As myopia becomes increasingly prevalent globally, researchers at the School of Optometry have developed a new solution for myopia control in children, following almost a decade of research that has led to the development of internationally award-winning contact lens and spectacle lens that can slow or even halt myopia progression.
It is estimated that more than 2.5 billion people, around a third of the world’s population, will be affected by short-sightedness by 2020. The prevalence in Hong Kong’s is even more alarming. Around 40% of Hong Kong schoolchildren have myopia and the condition accelerates in adolescence, so almost 80% of students require glasses or contact lenses to correct their vision by the time they reach university. In view of this, the research team led by Prof. To Chi-ho and Prof. Carly Lam from the School of Optometry drew on evidence from animal research into the growth of the human eye to design novel defocused lenses.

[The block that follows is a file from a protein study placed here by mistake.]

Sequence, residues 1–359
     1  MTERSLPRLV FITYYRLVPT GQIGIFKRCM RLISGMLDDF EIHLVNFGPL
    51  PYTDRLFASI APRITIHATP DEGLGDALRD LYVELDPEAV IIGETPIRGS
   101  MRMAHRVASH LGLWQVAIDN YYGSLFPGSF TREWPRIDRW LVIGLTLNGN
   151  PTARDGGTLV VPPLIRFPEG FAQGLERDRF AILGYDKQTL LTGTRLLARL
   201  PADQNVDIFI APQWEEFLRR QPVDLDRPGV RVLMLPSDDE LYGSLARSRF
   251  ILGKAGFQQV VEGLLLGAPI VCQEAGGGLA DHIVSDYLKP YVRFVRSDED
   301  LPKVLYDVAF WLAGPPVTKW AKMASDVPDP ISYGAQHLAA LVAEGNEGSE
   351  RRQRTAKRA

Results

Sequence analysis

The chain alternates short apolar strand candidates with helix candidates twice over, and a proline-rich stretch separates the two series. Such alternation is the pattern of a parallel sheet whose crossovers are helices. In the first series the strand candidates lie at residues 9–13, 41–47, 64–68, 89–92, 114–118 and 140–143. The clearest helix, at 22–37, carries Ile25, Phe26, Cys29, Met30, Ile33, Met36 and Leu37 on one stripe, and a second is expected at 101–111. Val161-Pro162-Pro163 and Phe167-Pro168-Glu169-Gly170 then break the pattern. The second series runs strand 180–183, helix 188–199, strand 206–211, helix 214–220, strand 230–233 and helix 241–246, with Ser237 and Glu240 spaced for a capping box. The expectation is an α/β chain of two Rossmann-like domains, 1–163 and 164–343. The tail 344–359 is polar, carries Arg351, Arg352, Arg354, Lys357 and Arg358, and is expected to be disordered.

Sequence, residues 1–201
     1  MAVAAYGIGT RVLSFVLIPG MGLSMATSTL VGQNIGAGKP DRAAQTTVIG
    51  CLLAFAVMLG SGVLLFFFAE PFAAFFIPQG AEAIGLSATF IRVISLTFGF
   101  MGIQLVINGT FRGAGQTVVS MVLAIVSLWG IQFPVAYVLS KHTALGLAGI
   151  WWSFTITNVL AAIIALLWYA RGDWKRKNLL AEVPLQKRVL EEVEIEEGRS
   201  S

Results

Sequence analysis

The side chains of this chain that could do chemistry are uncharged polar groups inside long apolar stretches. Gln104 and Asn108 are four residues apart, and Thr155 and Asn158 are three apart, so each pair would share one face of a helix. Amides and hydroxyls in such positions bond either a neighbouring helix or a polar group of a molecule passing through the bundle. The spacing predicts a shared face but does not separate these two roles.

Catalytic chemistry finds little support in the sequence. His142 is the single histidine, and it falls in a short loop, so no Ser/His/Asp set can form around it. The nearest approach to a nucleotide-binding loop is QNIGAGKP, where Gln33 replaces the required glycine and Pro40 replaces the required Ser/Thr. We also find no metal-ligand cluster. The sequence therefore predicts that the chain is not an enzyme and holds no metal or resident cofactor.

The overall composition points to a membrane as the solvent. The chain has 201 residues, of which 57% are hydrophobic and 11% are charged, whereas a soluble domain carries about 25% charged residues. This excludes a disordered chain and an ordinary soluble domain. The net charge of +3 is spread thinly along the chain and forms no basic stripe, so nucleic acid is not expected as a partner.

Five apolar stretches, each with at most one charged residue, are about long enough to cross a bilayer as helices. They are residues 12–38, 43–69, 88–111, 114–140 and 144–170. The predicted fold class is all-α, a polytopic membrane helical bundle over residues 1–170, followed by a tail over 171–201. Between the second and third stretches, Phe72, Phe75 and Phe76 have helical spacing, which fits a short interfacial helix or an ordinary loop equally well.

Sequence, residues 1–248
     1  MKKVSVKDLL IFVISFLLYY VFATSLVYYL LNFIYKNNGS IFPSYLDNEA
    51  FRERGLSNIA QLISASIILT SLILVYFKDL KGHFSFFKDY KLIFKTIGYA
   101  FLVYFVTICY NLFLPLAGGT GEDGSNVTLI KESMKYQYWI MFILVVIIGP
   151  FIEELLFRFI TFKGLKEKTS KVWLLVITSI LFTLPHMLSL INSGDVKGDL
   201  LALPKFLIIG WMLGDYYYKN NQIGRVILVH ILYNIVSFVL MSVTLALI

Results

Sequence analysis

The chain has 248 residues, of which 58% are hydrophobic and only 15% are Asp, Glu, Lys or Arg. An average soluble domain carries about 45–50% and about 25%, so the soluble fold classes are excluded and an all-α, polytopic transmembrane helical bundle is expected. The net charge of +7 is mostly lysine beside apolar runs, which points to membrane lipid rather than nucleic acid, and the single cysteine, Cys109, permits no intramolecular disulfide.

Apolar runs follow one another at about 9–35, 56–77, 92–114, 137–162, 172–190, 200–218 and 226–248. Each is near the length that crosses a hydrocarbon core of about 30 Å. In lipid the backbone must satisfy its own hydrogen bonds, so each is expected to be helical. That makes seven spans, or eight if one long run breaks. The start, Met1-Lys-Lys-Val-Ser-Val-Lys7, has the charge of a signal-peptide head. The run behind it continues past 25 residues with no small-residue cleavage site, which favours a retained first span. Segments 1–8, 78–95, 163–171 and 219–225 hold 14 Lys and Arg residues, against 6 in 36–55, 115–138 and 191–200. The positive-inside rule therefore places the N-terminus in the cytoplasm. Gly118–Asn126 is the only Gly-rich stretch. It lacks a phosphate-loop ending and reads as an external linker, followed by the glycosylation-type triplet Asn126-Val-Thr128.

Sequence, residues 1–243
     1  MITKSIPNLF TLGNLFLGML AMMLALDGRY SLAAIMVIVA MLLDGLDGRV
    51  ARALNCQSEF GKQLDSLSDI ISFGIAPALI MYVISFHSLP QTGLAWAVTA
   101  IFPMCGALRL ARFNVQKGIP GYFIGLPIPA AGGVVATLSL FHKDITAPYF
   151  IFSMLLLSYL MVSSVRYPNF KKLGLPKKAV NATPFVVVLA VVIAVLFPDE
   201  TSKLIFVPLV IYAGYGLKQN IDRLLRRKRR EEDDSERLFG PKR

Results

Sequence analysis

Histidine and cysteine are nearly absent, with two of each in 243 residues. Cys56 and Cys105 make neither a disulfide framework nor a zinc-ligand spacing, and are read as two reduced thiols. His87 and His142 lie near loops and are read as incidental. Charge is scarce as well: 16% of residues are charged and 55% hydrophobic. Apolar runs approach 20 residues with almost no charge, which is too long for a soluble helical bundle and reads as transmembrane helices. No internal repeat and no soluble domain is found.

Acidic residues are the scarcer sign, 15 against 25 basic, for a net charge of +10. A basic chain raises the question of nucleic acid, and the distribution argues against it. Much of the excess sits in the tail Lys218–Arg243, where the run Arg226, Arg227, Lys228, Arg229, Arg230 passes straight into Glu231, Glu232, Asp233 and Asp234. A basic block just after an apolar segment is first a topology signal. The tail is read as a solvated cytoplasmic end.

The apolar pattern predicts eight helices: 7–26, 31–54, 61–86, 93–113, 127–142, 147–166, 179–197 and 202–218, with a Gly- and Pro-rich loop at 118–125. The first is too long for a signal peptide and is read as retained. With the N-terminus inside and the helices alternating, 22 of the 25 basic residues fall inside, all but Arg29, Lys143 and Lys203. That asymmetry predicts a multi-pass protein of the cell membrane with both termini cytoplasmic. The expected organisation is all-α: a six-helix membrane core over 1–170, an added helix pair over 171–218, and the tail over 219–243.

Myopia occurs when the eyeball is too long relative to the focusing power of the cornea and lens of the eye. Light focuses in front of the retina rather than on it, making distant objects appear blurry. Making use of the natural homeostatic mechanism known as “emmetropisation”, researchers have developed the Defocus Incorporated Soft Contact (DISC) lens and Defocus Incorporated Multiple Segments (DIMS) spectacle lens. The lenses correct impaired vision by projecting a blurred, defocused image in front of the retina, while at the same time through the process of “emmetropisation” producing a clear image on the retina. This “myopic defocus” technology can slow down myopia progression through controlling excessive growth of eyeball.